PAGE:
well i guess the basis of my question is are the people who are developing this model of the big bang theory / darkmatter / darkenergy / etc taking into account the affects of strong gravity created by super massive black holes on our perception of what surrounds us. My biggest problem with the big bang is when i'm told that in the earliest moments gravity lost its hold on things and allowed the universe to inflate extremely fast and that is why the wmap shows the universe as having a uniform temp throughout and does so without explaining how gravity was disabled in the first place.

    The only thing that i'm constantly not hearing people talk about when debating this stuff is how time is affecting our perception. Obviously it takes thousands/million/billion/trillions of light years for some of the light from distant objects to reach us BUT there is no mention of how the black holes at the centers of these galaxies including our own could be affecting the way this light is reaching us due to the effects of that a super massive object can have on time itself.
     
  6. Jun 28, 2010 #5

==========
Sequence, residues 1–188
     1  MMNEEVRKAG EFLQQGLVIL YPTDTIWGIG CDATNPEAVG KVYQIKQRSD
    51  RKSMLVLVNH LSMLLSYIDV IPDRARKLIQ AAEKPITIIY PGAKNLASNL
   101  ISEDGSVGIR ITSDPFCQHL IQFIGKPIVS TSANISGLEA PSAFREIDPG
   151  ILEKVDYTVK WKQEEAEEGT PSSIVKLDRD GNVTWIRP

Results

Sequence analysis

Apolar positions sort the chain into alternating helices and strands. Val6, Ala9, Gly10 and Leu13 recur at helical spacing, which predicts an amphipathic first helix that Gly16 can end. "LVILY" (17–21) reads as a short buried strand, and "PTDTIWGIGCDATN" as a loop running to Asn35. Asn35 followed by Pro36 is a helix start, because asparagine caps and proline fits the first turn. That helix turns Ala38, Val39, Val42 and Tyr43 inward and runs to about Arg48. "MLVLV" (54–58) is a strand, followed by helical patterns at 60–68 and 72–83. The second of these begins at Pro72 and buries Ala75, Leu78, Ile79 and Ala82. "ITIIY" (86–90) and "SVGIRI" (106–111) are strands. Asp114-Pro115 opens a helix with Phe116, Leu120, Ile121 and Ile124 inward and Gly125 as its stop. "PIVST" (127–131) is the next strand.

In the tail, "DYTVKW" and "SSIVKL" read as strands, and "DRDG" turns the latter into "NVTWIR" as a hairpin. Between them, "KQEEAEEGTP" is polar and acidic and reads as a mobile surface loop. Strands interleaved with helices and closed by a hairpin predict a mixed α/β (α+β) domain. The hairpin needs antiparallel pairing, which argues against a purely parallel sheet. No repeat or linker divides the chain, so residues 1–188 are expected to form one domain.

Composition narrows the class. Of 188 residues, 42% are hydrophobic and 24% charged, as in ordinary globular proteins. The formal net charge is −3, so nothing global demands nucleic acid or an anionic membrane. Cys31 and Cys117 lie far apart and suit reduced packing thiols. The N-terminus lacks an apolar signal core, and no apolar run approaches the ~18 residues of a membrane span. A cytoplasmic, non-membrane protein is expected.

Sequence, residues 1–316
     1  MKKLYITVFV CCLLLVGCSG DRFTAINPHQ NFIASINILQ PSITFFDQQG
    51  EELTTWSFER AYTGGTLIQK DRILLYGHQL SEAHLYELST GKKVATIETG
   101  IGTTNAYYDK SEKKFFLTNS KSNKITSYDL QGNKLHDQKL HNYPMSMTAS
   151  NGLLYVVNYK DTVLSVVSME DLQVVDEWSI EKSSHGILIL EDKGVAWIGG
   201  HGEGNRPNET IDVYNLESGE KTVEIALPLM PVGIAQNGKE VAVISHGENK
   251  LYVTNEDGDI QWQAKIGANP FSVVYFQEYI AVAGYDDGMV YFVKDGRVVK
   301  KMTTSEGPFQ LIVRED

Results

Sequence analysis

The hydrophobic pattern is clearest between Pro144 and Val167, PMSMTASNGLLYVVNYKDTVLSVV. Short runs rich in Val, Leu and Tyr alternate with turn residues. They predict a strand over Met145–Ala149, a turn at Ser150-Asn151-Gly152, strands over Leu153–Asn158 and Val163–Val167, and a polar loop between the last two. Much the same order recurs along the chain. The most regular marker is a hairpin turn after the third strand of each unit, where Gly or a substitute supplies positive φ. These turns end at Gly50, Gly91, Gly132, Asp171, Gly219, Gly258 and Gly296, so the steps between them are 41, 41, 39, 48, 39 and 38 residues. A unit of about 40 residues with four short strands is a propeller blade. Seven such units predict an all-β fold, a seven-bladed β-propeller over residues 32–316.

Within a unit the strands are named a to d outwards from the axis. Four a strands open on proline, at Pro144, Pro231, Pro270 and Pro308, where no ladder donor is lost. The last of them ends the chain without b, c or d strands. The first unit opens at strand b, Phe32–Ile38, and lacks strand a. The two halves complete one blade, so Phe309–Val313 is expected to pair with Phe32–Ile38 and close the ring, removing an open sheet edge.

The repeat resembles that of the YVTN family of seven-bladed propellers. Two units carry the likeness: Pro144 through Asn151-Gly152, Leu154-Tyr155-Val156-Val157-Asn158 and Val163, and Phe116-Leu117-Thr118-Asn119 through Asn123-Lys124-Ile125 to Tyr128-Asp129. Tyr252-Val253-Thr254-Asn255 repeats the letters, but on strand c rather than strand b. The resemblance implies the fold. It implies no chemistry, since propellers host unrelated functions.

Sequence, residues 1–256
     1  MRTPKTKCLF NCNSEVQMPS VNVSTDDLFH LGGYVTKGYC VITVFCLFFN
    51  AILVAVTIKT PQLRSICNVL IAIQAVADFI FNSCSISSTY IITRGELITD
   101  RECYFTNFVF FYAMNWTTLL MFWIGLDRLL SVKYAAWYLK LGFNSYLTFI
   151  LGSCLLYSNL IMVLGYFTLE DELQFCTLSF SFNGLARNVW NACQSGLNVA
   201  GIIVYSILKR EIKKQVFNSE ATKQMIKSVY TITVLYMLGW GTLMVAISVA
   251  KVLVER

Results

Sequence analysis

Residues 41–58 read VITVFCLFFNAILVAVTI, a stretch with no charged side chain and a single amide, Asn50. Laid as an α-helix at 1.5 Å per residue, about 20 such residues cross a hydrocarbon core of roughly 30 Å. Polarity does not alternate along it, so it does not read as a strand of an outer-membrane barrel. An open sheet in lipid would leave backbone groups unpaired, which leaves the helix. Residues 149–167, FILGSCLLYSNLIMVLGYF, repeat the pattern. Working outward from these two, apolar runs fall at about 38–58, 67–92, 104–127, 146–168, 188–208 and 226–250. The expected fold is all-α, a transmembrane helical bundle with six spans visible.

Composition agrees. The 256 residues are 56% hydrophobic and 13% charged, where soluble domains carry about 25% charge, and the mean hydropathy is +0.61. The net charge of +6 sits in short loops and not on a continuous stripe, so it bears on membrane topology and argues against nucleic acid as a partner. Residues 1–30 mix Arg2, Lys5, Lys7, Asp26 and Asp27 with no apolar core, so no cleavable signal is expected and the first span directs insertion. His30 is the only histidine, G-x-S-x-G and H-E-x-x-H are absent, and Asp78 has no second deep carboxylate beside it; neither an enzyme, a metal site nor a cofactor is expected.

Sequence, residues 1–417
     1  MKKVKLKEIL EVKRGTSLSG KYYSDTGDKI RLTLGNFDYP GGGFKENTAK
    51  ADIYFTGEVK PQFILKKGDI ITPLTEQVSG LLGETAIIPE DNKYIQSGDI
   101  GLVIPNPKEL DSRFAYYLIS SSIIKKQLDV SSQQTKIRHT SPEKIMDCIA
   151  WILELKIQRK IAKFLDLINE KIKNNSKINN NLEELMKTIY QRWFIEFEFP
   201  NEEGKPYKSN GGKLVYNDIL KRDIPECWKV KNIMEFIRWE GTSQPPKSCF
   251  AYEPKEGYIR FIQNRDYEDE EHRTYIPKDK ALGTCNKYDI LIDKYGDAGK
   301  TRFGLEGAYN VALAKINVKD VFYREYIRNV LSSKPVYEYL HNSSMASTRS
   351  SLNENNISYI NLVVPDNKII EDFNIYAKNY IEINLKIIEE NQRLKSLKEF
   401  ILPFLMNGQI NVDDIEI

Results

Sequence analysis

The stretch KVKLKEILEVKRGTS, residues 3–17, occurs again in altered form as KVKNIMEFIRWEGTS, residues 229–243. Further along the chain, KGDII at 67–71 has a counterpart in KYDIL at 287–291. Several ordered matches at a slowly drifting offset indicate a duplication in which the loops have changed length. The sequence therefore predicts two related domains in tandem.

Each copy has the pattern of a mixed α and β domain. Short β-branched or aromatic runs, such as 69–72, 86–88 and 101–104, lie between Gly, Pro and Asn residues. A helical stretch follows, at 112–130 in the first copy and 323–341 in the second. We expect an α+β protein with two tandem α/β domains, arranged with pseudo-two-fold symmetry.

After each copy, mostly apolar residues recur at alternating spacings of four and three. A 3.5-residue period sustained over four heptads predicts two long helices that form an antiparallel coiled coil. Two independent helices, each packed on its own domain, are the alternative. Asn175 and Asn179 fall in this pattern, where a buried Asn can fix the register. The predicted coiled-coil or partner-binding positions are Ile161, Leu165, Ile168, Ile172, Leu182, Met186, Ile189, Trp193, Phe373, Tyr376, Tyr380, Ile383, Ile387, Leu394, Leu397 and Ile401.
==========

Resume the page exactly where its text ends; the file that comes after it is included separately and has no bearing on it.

bapowell

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    It isn't that gravity 'lost its hold on things' during inflation, but rather that the universe was filled with a unique form of energy that was gravitationally repulsive. This repulsion drove the accelerated expansion. The field that drives inflation is central to the inflationary mechanism and its observational investigations, and has not been ignored by cosmologists.

    On large scales, the universe is well approximated as a homogeneous and isotropic spacetime. While extraordinarily massive wrt to typical astrophysical objects, black holes at the centers of galaxies still only exhibit local gravitational effects. That is not to say that the CMB photons don't interact with large-scale structures -- they certainly do, although the structures most relevant are galaxy clusters. These effects are very well understood and taken into account when analyzing the CMB.